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The male Japanese rhinoceros beetle, Trypoxylus dichotomus, which lives on Japan's main island, has big horns that are used as weapons to fight other males for females. Scientists have sought the developmental mechanism that creates these horns, and to this end, a research team at the National Institute for Basic Biology in Japan has identified sex-determining genes for the rhinoceros beetle, and has succeeded in identifying the timing of sex differences that appear in horn primordia.
A member of the research team, Dr. Shinichi Morita, said, "Unlike the model animal Drosophila, we did not have any basic information concerning these beetles, such as their developmental stages. Furthermore, because the larvae and pupae live in the soil, it was particularly difficult to observe their development." Therefore, Dr. Morita developed a rearing method encompassing the beetle's late larval stage up until adulthood that used plastic tubes, but didn't require any soil. Dr. Morita then video recorded a few weeks of the process of beetle larvae becoming pupae, and looked for signs that the prepupal stage had started.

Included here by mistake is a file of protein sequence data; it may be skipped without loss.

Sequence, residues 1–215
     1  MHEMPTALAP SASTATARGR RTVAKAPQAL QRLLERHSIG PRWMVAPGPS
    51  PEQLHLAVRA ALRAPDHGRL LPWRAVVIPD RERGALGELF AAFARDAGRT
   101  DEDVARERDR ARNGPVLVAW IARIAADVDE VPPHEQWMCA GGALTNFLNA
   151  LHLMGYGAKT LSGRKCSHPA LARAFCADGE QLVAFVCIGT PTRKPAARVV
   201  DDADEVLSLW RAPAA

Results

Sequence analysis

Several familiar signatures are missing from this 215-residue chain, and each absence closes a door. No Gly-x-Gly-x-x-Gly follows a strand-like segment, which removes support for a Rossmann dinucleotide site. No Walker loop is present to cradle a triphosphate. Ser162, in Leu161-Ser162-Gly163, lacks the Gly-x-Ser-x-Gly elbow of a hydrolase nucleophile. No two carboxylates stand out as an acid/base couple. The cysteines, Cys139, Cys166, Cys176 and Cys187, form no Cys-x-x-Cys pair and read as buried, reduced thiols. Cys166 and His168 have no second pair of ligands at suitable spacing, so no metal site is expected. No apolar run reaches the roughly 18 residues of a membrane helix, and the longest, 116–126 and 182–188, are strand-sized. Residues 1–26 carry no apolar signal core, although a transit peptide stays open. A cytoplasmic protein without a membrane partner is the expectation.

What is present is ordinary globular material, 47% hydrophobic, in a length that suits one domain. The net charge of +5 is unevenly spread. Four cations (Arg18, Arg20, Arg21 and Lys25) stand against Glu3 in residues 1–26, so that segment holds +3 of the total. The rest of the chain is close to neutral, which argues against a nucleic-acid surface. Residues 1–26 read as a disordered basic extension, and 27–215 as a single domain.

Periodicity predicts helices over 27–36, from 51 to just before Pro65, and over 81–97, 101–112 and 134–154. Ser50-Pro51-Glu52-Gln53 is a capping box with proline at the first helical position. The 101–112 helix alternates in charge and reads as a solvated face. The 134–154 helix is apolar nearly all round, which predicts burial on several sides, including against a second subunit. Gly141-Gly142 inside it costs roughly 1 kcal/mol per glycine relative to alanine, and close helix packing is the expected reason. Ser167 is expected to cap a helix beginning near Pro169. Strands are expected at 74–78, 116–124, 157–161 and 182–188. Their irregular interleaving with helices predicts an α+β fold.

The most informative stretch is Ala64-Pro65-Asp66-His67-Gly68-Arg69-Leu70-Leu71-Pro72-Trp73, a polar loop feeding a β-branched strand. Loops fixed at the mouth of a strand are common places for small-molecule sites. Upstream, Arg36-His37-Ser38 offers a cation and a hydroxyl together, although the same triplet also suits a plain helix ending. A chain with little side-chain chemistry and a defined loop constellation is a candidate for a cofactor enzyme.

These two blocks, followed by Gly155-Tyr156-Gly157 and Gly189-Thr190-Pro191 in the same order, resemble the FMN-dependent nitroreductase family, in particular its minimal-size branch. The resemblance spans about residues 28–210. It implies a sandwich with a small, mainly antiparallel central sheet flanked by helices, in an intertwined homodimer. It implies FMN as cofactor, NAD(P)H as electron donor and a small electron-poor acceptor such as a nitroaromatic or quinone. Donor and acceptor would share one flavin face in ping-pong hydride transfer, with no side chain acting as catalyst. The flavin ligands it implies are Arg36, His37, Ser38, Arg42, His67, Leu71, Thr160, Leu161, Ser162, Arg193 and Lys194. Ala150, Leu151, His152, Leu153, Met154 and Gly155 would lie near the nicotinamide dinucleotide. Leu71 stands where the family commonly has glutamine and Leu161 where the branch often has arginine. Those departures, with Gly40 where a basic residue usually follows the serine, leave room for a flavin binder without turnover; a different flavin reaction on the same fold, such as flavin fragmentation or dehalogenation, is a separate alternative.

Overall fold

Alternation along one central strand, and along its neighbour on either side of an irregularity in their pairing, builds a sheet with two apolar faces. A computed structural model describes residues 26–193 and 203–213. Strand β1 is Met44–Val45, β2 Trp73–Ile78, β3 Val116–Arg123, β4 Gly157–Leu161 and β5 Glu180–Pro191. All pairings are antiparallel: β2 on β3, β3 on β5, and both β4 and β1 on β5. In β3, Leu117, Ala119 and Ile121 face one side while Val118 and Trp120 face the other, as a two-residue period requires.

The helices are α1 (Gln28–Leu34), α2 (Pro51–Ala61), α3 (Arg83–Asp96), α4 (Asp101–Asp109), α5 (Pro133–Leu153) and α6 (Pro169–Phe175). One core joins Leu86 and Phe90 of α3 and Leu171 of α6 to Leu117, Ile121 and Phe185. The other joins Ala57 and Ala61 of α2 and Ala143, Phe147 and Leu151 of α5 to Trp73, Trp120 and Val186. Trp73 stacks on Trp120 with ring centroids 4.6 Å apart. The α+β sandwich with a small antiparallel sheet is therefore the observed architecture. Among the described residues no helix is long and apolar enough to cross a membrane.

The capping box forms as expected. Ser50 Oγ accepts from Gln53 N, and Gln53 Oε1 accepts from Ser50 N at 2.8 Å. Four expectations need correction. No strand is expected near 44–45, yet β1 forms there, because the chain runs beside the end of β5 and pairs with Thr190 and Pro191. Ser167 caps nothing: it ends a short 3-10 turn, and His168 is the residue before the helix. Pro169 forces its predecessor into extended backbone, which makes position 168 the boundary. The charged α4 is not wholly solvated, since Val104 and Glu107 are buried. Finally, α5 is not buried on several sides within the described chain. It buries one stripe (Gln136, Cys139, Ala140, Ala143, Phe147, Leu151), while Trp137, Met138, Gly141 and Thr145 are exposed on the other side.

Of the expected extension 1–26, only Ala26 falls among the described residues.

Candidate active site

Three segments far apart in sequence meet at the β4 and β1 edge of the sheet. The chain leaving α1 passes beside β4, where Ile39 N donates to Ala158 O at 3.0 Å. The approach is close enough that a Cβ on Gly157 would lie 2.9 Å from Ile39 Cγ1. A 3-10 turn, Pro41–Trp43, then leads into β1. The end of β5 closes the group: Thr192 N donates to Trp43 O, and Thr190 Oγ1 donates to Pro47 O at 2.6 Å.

Behavior - Sign - Beginning - Stage - Dr
"We found that head-rocking behavior was a sign of the beginning of the prepupal stage," Dr. Morita said. Using this as a reference point, the research group was able to create a stage table of horn formation along a time axis. As a result...
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